• Optimistic - Delay the checking of whether a transaction meets the isolation and other integrity rules (e.g., serializability and recoverability) until its end, without blocking any of its (read, write) operations ("...and be optimistic about the rules being met..."), and then abort a transaction to prevent the violation, if the desired rules are to be violated upon its commit. An aborted transaction is immediately restarted and re-executed, which incurs an obvious overhead (versus executing it to the end only once). If not too many transactions are aborted, then being optimistic is usually a good strategy.
  • Pessimistic - Block an operation of a transaction, if it may cause violation of the rules, until the possibility of violation disappears. Blocking operations is typically involved with performance reduction.
  • Semi-optimistic - Block operations in some situations, if they may cause violation of some rules, and do not block in other situations while delaying rules checking (if needed) to transaction's end, as done with optimistic.

Different categories provide different performance, i.e., different average transaction completion rates (throughput), depending on transaction types mix, computing level of parallelism, and other factors. If selection and knowledge about trade-offs are available, then category and method should be chosen to provide the highest performance.
The mutual blocking between two transactions (where each one blocks the other) or more results in a deadlock, where the transactions involved are stalled and cannot reach completion. Most non-optimistic mechanisms (with blocking) are prone to deadlocks which are resolved by an intentional abort of a stalled transaction (which releases the other transactions in that deadlock), and its immediate restart and re-execution. The likelihood of a deadlock is typically low.
Both blocking, deadlocks, and aborts result in performance reduction, and hence the trade-offs between the categories.

[[#Concurrency-Description-Concurrency control mechanisms (this needs to be edited - simplified and made relevant to the case study)-edit] Methods]][edit] Methods

Many methods for concurrency control exist. Most of them can be implemented within either main category above. The major methods,[1[[|]]] which have each many variants, and in some cases may overlap or be combined, are:
  1. Locking (e.g., Two-phase locking - 2PL) - Controlling access to data by locks assigned to the data. Access of a transaction to a data item (database object) locked by another transaction may be blocked (depending on lock type and access operation type) until lock release.
  2. Serialization graph checking (also called Serializability, or Conflict, or Precedence graph checking) - Checking for cycles in the schedule's graph and breaking them by aborts.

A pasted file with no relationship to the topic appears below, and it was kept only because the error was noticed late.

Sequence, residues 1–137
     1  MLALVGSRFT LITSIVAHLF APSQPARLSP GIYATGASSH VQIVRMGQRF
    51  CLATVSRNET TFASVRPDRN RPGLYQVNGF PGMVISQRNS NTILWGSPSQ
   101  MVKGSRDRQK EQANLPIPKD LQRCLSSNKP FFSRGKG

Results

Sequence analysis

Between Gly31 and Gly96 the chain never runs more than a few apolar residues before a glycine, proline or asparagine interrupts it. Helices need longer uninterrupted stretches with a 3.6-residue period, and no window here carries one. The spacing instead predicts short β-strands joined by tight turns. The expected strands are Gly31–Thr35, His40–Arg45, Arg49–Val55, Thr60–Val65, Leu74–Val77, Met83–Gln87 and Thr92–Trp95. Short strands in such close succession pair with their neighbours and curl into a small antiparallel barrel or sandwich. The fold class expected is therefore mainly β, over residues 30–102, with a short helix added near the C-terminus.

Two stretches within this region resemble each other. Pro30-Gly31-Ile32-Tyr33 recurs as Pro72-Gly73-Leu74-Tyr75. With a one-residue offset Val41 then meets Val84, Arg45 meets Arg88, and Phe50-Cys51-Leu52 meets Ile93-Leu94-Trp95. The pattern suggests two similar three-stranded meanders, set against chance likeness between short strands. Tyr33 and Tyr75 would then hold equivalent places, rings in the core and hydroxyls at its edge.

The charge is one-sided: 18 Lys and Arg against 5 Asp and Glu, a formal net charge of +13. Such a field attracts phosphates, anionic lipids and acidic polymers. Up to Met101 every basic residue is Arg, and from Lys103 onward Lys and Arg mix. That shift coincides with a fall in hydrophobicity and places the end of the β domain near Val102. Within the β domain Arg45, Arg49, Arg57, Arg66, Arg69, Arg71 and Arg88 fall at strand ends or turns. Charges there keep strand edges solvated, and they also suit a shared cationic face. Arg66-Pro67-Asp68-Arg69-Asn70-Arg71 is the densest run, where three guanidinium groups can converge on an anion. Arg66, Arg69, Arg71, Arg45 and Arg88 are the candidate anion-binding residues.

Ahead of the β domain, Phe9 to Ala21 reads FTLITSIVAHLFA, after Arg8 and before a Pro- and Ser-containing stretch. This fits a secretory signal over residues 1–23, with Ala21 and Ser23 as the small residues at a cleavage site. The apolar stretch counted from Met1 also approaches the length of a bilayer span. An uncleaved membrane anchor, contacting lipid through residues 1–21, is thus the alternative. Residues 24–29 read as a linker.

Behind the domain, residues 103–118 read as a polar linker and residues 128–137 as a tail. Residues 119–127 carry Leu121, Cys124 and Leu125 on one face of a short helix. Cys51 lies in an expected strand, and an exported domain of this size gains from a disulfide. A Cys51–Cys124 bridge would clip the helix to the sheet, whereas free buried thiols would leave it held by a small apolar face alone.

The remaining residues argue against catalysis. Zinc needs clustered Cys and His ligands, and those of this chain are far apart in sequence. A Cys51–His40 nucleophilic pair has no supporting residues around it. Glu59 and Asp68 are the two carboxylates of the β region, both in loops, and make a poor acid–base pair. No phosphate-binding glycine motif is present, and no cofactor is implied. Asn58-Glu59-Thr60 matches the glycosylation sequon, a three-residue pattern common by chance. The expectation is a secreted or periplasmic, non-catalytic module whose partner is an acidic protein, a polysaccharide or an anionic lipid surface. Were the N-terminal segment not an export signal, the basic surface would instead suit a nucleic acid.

3. Timestamp ordering (TO) - Assigning timestamps to transactions, and controlling or checking access to data by timestamp order.
  4. Commitment ordering (or Commit ordering; CO) - Controlling or checking transactions' chronological order of commit events to be compatible with their respective precedence order.
Other major concurrency control types that are utilized in conjunction with the methods above include:
  • Multiversion concurrency control (MVCC) - Increasing concurrency and performance by generating a new version of a database object each time the object is written, and allowing transactions' read operations of several last relevant versions (of each object) depending on scheduling method.
  • Index concurrency control - Synchronizing access operations to indexes, rather than to user data. Specialized methods provide substantial performance gains.
  • Private workspace model (Deferred update) - Each transaction maintains a private workspace for its accessed data, and its changed data become visible outside the transaction only upon its commit (e.g., Weikum and Vossen 2001). This model provides a different concurrency control behavior with benefits in many cases.
The most common mechanism type in database systems since their early days in the 1970s has been Strong strict Two-phase locking (SS2PL; also called Rigorous scheduling or Rigorous 2PL) which is a special case (variant) of both Two-phase locking (2PL) and Commitment ordering (CO). It is pessimistic. In spite of its long name (for historical reasons) the idea of the SS2PL mechanism is simple: "Release all locks applied by a transaction only after the transaction has ended." SS2PL (or Rigorousness) is also the name of the set of all schedules that can be generated by this mechanism, i.e., these are SS2PL (or Rigorous) schedules, have the SS2PL (or Rigorousness) property.

References and Resources:

Database Transaction,, 11 January 2012
Concurrency Control,, 11 January 2012

Resources: (This is a heavy-duty item).